My So-Called (Bridgerton) Life

Note: Contains spoilers for Bridgerton, Season 3.

I recently awoke on a Saturday faced with the delightful prospect of a day without obligations. The sun was shining, the birds were singing, and the morning air was cool and pleasant. It was a storybook beginning.

I rolled out of bed, pulled on my dressing gown, and imagined myself as a lady of leisure. I took it a step further and imagined myself in the world of Bridgerton – or at least as close as I could get in America of 2024.

I proceeded downstairs to the kitchen and poured myself a cup of fresh coffee. The coffee was ready and waiting, prepared not by a servant, but by my conveniently programmable coffeemaker. Outside, I sat in the garden while my dog lolled on the grass. I listened to the birds. I fussed over a container of bright yellow pansies (pansies are everywhere on Bridgerton) and admired the hydrangeas about to bloom.

A little later, I dropped off a jar of homemade strawberry preserves at my neighbors’ house, a small token of appreciation for a favor they’d done me. I walked in the streets of my respectable but not fashionable neighborhood, admiring the well-tended yards and lamenting those that were not. I attended to a few household matters and attempted some writing – longhand, in cursive – including the draft of this blog post.

In the afternoon, I called at a local dress shop. This activity felt remarkably Bridgerton-esque: I traveled to the shop on foot, met a friend there whose advice I’d enlisted to guide my choice (I was shopping for a wedding dress), and needed the assistance of the salesclerk to get myself in and out of the gowns. At one point, the salesclerk had to buckle my shoe for me: I was literally standing on a pedestal, immobilized by yards of crepe and Italian tulle. The amount of fuss unsettled me, as did being unable to do even the simplest activities on my own. Still, part of it felt fun – when else had I received such attention? Or reveled in simply searching for what would make me feel beautiful?

For say what you will about Bridgerton, it is beautiful. The homes, the clothes, the gardens, the characters. Rarely do you see poverty, disease, or work of any kind (aside from the servants, and even then, their chores are apparently mostly carrying trays and arranging hair and fetching the occasional snuffbox.) The Bridgerton ladies themselves rarely engage in any activity more demanding than taking a constitutional or ringing for tea. Dancing, I suppose, may be an exception, and there are the few ladies who ride.

I managed to practice my French. I neglected my music (in my case, an electric guitar, which is decidedly anachronistic), but did decide to take advantage of the fine weather for some exercise. I went on a late afternoon ride, by bicycle, through very pretty woods and afterwards, enjoyed an indecorous pint of ale. Unchaperoned.

I thought of what the show gets right about the Regency era. Or at least, doesn’t overly distort or misrepresent: the strict social rules, aristocratic privilege, the pressure on women to marry, the vast disparity between genders in what was sexually acceptable.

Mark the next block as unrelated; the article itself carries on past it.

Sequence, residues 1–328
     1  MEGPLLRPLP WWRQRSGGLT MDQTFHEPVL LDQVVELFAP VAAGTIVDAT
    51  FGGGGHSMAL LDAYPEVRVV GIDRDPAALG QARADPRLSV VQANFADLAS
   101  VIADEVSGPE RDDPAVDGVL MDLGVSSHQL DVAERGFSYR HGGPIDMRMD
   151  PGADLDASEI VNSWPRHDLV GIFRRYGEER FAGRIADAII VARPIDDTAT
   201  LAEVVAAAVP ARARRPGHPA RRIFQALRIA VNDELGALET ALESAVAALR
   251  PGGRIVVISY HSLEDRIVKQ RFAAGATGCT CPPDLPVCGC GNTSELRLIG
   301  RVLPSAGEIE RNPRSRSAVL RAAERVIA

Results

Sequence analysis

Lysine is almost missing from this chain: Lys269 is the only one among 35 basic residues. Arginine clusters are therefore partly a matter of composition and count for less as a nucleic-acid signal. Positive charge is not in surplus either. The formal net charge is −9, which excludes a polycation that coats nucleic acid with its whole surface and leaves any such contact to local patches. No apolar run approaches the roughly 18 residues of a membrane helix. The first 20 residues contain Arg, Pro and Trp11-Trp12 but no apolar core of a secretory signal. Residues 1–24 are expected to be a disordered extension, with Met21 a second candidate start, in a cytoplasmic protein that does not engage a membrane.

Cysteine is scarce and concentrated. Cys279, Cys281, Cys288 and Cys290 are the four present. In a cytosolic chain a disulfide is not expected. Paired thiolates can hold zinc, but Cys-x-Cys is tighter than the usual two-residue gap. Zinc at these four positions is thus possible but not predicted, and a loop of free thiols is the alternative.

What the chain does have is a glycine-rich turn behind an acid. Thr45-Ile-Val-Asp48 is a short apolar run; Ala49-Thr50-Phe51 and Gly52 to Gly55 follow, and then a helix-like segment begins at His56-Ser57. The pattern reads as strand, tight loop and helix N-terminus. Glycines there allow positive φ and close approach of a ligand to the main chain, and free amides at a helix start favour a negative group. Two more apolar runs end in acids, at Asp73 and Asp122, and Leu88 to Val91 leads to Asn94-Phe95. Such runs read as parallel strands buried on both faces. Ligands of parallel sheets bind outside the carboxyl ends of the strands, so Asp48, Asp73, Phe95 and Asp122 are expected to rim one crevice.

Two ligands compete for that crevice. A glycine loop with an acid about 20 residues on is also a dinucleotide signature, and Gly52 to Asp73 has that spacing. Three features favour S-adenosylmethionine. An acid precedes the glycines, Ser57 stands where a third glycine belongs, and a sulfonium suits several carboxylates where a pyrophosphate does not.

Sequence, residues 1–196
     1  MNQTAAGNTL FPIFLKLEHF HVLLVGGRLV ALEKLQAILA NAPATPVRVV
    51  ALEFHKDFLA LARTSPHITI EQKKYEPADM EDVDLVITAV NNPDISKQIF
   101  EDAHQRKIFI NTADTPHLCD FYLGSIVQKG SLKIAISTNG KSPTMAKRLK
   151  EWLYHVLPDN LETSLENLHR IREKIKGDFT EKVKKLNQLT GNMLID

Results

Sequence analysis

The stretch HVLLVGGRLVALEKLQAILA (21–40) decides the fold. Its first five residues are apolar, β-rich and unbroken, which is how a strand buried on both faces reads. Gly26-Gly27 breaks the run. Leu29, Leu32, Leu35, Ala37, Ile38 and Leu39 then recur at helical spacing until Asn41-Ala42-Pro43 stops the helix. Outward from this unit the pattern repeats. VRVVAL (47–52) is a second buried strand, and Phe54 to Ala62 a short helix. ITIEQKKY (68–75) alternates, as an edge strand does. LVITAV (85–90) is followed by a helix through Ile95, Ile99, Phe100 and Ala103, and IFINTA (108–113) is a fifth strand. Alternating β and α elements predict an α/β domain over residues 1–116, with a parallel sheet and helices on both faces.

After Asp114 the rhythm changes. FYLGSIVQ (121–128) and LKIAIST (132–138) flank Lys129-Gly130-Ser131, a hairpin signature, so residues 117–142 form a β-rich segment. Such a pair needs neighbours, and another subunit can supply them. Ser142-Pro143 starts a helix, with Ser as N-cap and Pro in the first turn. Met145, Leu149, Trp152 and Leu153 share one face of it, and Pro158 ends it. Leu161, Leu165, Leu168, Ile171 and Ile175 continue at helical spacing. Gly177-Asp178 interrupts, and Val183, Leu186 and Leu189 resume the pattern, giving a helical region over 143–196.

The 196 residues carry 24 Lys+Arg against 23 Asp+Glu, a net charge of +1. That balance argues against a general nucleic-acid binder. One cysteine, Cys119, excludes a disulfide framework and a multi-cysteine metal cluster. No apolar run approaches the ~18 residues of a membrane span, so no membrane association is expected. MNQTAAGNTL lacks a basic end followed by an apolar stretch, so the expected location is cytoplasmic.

Yet there is much that is fantasy. The racial equality among the ton and portrayal of Queen Charlotte as a black woman are two plot points on the show of deeply questionable accuracy. And as much as I would have liked for the romance between Brimsley and Reynolds, as well as other same-sex pairings, to be able to flourish in the early 1800s, in reality they would have been subject to sodomy laws that would have considered their intimacy a capital offense.

Heterosexual relationships also came with real risks, particularly for women. Women had no lawful political power, no voting rights, no ownership rights to property once they married. The second her wedding ceremony concluded, Penelope would have forfeited every penny of her earnings as Lady Whistledown to Colin Bridgerton. Her children, too, would be considered her husband’s property (this was not settled until decades later, through the remarkable case of Caroline Norton). The show does not address the fact that Penelope would stand to lose a lot more than the power of her pen once she became Mrs. Bridgerton.

Of course the era did have many brilliant women: Jane Austen, Mary Wollstonecraft, Mary Shelley, and others. This was also the period of Byron and Keats and incredible exploration and scientific discovery. It was likewise a time when syphilis could be a death sentence, half of the female population was illiterate, and it was considered acceptable for a six-year-old to work a 10-hour factory shift. Don’t even ask about maternal and infant mortality.

I look at Bridgerton as a cautionary tale as much as it is an escape. It is a reminder to beware of making over the past in our own image. To pause before rushing to snap up show-themed merch without any understanding of what it is we want to imitate. To proceed carefully so as not to forget the truth of history. Amnesia may be convenient, but it is no cure.

Producer Shonda Rhime’s Mayfair is sparkly and entertaining and shamelessly sanitized. It could be a fun place to visit, but no one actually lives there.

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